Any idea where I should look?

Thanks,
Steve

    Crazy Engineer · July 21, 2021 at 10:45 am

    Hi, I am not sure what could be wrong. My guess is path related issues. Can you try configuring the sdk exactly like in the tutorial. Keep the path similar.

    Hung · September 4, 2021 at 11:05 am

    i have same your error, could u tell me how to fix it?

Steve D. · July 21, 2021 at 8:55 am

Hi,

I’ve been trying to install and compile the SDK but keep running into an error which seems to be related to a missing environment variable or something: The compilation seems to progress correctly, but the error occurs when linking – I get the following error message:

[ 84%] Linking CXX executable main.elf
AR10B2~1.EXE: error: ´╗┐CMakeFiles/main.dir/main.c.obj: No such file or directory
NMAKE : fatal error U1077: ‘C:\PROGRA~2\GNUARM~1\102020~1\bin\AR10B2~1.EXE’ : return code ‘0x1’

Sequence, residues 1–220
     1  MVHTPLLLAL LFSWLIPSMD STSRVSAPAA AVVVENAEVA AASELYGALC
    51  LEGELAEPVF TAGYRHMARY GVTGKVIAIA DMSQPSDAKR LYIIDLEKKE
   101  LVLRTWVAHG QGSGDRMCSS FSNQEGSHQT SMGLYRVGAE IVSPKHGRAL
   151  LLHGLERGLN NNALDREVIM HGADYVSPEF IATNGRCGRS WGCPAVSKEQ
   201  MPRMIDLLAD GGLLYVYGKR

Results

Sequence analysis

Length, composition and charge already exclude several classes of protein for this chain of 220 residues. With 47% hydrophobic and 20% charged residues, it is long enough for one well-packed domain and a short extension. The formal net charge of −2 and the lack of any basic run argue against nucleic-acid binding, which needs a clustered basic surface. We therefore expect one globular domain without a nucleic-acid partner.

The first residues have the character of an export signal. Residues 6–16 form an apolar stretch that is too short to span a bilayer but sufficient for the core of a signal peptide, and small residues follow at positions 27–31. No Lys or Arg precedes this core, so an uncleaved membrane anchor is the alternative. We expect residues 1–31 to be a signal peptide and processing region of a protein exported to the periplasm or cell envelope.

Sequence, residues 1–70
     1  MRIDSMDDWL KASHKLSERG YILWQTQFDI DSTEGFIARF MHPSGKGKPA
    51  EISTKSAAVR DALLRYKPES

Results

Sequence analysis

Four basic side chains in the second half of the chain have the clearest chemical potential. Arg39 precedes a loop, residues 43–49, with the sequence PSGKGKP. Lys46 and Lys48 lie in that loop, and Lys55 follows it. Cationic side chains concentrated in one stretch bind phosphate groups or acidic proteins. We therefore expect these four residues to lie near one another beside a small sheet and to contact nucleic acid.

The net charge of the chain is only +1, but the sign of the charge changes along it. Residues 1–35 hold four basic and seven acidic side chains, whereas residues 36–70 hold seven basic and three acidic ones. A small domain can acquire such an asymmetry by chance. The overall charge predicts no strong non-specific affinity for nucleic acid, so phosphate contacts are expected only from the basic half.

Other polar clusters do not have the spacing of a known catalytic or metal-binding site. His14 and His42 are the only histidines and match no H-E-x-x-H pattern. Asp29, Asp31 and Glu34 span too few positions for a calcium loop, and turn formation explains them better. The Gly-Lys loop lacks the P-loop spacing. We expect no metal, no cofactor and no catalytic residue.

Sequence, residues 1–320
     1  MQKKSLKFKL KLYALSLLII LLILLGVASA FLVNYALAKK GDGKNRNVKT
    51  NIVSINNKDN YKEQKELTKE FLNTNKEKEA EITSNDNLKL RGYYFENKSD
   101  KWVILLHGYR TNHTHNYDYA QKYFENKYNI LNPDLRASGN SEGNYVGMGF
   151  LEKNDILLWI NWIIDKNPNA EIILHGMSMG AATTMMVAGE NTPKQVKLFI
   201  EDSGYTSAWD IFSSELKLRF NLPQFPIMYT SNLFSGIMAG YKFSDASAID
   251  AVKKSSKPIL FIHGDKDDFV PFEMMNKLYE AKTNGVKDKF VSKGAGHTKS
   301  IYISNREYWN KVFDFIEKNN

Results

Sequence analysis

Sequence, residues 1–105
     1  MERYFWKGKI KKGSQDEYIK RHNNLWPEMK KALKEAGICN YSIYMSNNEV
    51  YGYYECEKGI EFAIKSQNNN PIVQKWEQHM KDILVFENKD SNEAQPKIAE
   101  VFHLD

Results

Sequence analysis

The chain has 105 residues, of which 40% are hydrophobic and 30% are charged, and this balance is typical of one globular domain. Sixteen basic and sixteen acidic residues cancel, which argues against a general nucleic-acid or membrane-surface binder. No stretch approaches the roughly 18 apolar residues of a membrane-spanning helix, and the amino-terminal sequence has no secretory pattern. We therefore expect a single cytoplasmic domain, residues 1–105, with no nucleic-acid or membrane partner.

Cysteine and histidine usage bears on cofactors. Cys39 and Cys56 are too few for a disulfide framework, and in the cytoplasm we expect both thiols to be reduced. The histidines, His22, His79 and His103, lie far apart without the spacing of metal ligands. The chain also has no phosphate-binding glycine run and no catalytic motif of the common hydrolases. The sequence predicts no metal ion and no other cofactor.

Stop.

The thing is, the file main.c.obj *does* exist. It is in the directory CMakeFiles contained within the build sub-directory (the directory from which the command “nmake” was executed).

Any ideas what is wrong? I’ve seen this error on several occasions, but not always – some programs compile, others not.

Thanks for your advice,
Steve

    Steve D. · July 21, 2021 at 8:01 pm

    Hi (again),

    Sorry for the redundant posting – it looked like the original post disappeared, so I repeated the post (with a different project).

    I’ve further isolated the issue to the following line in the build.make file (it’s a *very* long line …):
    The build.make file is in the following location:
    C:\SW_Projects\pico_LCD\build\CMakeFiles\main.dir

    main.elf: CMakeFiles\main.dir\objects1.rsp
    @$(CMAKE_COMMAND) -E cmake_echo_color –switch=$(COLOR) –green –bold –progress-dir=C:\SW_Projects\pico_LCD\build\CMakeFiles –progress-num=$(CMAKE_PROGRESS_72) “Linking CXX executable main.elf”